NLM "Turning The Pages" Adds Richly Illustrated Japanese Manuscript, Hanaoka Seishu's Influential Surgical Casebook
The National Library of Medicine, the world's largest medical library and an arm of the National Institutes of Health, announces the addition of Hanaoka Seishu's Surgical Casebook (http://archive.nlm.nih.gov/proj/ttp/flash/hanaoka/hanaoka.html) to its growing collection of virtual books and manuscripts available for thumbing through online via Turning the Pages (http://archive.nlm.nih.gov/proj/ttp/intro.htm). The virtual volume is also available on kiosks in the Library's Visitor Center (Building 38A, first floor) and the History of Medicine Division Reading Room (Building 38, first floor), and marks the continued collaboration of the Library's Lister Hill Center and the History of Medicine Division.
The newest addition to Turning the Pages is a magnificently illustrated manuscript depicting the likenesses of the men and women who came to Hanaoka for treatment in early 19th-century Japan. It is the first in the collection in which users will turn the pages according to Japanese custom, right to left.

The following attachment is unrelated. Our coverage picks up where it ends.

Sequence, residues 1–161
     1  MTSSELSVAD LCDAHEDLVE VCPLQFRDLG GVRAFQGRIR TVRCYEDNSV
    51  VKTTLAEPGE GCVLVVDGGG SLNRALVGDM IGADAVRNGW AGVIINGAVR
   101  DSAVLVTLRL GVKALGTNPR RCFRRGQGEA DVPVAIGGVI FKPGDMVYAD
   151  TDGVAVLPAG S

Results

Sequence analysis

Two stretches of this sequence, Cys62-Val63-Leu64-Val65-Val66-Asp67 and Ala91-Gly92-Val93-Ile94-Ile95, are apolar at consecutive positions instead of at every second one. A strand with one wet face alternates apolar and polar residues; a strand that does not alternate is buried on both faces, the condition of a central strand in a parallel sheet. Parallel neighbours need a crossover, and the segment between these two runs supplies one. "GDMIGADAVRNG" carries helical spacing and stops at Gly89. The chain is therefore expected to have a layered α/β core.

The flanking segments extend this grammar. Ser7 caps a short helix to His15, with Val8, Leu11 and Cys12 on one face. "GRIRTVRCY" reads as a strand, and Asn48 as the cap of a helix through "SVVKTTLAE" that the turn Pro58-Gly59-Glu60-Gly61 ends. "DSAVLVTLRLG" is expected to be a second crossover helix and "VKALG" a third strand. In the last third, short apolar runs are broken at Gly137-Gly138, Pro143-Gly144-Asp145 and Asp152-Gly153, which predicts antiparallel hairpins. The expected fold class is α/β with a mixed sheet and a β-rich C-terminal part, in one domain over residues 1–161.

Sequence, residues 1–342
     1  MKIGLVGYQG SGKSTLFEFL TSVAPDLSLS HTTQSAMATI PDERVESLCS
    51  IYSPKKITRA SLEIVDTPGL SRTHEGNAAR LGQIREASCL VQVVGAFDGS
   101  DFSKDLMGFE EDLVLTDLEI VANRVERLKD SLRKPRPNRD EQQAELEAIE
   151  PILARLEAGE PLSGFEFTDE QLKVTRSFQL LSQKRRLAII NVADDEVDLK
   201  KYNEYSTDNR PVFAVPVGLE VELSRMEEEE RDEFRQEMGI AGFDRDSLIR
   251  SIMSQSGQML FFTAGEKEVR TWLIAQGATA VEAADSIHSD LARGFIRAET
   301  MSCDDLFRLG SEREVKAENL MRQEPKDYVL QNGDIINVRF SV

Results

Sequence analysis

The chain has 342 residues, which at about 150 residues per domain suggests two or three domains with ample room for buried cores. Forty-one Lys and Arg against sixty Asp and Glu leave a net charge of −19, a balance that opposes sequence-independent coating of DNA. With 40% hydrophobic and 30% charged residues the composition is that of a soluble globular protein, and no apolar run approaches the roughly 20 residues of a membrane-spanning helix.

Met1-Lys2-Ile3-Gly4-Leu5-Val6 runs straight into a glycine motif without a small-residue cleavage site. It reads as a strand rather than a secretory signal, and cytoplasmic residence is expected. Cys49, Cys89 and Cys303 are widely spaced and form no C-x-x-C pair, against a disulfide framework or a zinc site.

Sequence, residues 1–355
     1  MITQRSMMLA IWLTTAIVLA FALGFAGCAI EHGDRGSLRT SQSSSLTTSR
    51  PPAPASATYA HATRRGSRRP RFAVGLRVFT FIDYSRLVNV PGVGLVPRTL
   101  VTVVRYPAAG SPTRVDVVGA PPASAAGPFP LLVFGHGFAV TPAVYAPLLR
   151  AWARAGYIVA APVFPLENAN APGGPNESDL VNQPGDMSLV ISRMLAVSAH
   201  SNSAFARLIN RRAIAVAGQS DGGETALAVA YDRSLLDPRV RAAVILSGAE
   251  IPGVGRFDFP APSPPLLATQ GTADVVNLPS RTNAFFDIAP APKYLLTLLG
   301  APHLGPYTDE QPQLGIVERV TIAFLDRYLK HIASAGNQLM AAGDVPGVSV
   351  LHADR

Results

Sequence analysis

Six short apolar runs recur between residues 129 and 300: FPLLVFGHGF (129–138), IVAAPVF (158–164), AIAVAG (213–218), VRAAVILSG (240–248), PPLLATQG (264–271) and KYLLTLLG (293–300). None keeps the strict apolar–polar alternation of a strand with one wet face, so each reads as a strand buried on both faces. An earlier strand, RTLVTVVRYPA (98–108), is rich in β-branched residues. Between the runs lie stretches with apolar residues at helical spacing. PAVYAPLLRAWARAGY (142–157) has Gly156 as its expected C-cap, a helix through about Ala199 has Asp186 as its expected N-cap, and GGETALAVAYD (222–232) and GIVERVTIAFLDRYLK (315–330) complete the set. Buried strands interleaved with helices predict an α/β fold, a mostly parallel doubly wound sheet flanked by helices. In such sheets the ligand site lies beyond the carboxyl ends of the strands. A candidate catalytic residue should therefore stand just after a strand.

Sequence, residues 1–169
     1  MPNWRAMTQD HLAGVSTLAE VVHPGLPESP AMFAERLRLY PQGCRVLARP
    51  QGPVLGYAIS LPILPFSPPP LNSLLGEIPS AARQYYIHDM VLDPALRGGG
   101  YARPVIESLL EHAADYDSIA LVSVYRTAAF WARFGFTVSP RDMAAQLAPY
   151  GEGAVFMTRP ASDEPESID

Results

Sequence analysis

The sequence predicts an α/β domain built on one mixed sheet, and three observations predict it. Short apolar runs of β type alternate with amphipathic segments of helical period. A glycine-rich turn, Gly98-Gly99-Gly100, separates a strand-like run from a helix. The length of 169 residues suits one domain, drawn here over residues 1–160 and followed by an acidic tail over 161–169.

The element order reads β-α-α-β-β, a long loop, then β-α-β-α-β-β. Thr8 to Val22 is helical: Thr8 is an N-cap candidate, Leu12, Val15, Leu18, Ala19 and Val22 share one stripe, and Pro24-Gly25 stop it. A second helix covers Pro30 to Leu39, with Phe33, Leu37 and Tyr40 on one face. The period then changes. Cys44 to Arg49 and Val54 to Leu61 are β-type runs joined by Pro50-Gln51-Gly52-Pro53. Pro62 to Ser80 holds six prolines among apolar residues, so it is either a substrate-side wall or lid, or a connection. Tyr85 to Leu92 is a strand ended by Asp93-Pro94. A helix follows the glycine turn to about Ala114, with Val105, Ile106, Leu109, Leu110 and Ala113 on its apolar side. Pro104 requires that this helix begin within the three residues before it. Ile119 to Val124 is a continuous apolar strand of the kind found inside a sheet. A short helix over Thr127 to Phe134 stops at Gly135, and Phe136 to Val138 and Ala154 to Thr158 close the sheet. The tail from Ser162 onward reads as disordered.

Hanaoka Seishu (1760-1835) was a pioneering Japanese surgeon who was the first to use general anesthesia to remove tumors from cancer patients. The images in the Surgical Casebook are colorful, often charming, and depict quite graphically the medical and surgical problem to be treated.
Hanaoka studied both traditional Chinese-style medicine and Western-style surgical techniques. At age 25, he took over the family business and began to practice an eclectic style of medicine that combined these two traditions. He was greatly concerned with his inability to treat cancer patients, and over a period of 20 years he developed an herbal concoction he called "mafutsusan," made up of several highly toxic plants. It did not include opium derivatives which European doctors were only beginning to identify as anesthetics. The narcotic effects of Hanaoka's anesthetic could last as long as 24 hours, allowing him to surgically remove many different kinds of tumors which previously had been inoperable.
Images from the manuscript were selected and curatorial text was written by Dr. Ann Jannetta, Professor Emerita of History at the University of Pittsburgh. The descriptive text can be viewed if one clicks the "T" in the upper left corner of the virtual book page.